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The Aztecs

3.99  ·  Rating details ·  233 ratings  ·  22 reviews

Second Edition, Fully Updated and Expanded

A portrait of a fascinating, complex civilization. Beginning with the story of the Spanish conquest, the text then charts the rise of the Aztecs from humble nomads to empire builders. Within 100 years they established the largest empire in Mesoamerican history and, at Tenochtitlan, built a vast city in a lake, a Venice of the New W

Paperback, 2nd Edition Ancient People and Places, 232 pages
Published March 1st 2000 by Thames & Hudson (first published June 1st 1992)
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Average rating 3.99  · 
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 ·  233 ratings  ·  22 reviews

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Timothy Boyd
A pretty decent history book. It goes a little to much into archeology for me but overall it was an informative books. Recommended
Jun 20, 2015 rated it liked it
Shelves: non-fiction
I have been fascinated with the Aztecs on and off since childhood, when I first saw a photo of a statue of Coatlicue in a mythology encyclopaedia. I was horrified, frightened and utterly, utterly in love. Funnily enough that photo is in this book too.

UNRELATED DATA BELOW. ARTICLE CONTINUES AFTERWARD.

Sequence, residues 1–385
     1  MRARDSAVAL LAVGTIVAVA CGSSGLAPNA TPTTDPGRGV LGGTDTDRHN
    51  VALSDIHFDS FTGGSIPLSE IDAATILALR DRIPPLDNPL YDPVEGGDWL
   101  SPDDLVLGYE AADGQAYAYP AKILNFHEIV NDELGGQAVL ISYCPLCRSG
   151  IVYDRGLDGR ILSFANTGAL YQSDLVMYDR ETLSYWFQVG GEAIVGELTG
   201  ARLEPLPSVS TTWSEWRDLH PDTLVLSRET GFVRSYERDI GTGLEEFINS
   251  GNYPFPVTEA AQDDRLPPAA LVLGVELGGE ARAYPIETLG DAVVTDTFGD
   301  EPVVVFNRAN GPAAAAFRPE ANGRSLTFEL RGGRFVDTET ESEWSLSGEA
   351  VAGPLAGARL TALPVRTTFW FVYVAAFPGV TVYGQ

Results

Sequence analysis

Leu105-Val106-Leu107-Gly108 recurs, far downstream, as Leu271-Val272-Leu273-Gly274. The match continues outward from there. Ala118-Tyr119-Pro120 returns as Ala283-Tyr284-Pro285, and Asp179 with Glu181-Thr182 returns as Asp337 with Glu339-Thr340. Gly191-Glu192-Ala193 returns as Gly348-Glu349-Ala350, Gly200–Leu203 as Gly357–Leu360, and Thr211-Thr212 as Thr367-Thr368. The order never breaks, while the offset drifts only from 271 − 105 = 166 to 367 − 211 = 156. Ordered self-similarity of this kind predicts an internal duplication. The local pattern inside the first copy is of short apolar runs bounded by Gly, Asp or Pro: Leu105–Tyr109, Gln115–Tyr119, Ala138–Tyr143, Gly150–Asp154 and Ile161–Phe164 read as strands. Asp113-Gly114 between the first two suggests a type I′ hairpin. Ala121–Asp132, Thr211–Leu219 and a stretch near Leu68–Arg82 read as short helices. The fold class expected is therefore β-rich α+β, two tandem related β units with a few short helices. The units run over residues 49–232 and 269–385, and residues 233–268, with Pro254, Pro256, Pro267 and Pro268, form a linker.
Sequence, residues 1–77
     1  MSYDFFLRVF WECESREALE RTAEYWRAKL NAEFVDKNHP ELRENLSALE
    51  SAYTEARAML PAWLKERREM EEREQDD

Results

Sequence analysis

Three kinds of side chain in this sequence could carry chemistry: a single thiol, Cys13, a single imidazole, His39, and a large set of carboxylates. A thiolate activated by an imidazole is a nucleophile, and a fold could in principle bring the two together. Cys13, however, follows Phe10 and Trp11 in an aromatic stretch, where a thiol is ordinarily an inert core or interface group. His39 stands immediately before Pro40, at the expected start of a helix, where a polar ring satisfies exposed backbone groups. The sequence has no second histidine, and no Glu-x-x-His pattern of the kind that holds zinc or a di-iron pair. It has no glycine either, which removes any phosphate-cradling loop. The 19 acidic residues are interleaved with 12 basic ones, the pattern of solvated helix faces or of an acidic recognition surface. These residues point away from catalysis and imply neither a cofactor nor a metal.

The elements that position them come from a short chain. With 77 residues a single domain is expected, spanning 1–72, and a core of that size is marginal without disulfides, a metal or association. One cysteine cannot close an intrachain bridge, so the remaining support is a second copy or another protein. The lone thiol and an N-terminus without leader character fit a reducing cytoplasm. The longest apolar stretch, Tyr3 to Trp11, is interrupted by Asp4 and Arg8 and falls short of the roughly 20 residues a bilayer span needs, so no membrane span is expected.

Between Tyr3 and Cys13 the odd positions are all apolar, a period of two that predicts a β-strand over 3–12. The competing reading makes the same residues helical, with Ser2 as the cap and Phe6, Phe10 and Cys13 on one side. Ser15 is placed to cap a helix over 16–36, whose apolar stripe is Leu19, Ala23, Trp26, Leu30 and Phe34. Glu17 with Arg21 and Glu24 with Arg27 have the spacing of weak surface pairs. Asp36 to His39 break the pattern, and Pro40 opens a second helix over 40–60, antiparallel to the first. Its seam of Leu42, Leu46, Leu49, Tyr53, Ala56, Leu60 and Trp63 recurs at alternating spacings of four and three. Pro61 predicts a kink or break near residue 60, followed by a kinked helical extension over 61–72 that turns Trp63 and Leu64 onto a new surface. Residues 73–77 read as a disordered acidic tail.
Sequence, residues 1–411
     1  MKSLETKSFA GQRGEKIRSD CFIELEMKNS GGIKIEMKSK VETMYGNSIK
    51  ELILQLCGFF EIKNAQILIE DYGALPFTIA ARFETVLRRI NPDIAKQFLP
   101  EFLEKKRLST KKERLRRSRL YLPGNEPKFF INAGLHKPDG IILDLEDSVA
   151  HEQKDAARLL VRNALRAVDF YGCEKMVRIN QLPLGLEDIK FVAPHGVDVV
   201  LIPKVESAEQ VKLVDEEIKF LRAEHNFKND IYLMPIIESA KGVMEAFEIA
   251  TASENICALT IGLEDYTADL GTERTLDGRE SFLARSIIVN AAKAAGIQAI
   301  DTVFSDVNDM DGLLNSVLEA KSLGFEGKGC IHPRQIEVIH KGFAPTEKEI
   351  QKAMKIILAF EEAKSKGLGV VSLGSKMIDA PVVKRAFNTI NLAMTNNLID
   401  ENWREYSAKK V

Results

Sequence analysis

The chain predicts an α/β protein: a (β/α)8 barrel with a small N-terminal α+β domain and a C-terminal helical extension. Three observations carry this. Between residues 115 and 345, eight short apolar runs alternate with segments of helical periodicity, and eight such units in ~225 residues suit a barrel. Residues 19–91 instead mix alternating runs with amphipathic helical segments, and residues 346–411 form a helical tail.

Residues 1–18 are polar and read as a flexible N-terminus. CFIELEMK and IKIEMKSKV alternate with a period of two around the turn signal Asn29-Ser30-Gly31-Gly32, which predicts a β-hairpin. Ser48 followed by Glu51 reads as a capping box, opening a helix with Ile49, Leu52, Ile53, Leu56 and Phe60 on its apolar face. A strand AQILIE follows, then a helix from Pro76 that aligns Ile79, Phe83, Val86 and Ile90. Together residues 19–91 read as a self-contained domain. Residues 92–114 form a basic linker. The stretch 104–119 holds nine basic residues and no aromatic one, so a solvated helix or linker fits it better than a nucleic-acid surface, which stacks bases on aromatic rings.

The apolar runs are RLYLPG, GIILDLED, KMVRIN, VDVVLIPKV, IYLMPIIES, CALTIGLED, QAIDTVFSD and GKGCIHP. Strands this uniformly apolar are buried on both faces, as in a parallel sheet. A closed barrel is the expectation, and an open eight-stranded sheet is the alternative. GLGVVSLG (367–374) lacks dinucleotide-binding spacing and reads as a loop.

Even though it’s a textbook it isn’t overly scholarly, and is quite readable (it just took me a while). However, due to the structure of the book I wouldn’t recommend it for someone who doesn’t have a little bit of knowledge on the subject already;
Nov 15, 2013 rated it liked it  ·  review of another edition
Was given to me by someone who had taken a course on Aztec society. Since I had very little knowledge on the subject, I decided to give the book a chance. It explains the rise and fall of a great civilization, taken over by Hernan Cortes and the Spanish. It is a good book to read before diving into heavier, more specific texts on the subject.

Keep in mind this is a text book. Do not expect to say it is something that you cannot put down. It does give great information on subjects like Aztec relig
Jan 29, 2011 rated it liked it
Townsend and smith disagree on some point, but then this is still a growing subject and you can kind of expect that.
Mar 17, 2017 rated it liked it
After reading The Aztecs: A Very Short Introduction I was interested in reading a bit more on the topic and this book was conveniently available at my library. It took me a bit of time to get around to reading it, but it proved to be quite readable and informative. I especially liked a map of the Valley of Mexico that I referred back to repeatedly while reading the history of the empire to get a better sense of how things related to each other. I just wish that some of the broader focus maps had ...more
Sean Nichols
Oct 19, 2017 rated it really liked it
This review has been hidden because it contains spoilers. To view it, click here.
S. D. Howarth
Very informative and a good research tool with Ross Hassig's work. The two complement each other, with this work filling out the social side particularly well.
Mar 21, 2020 added it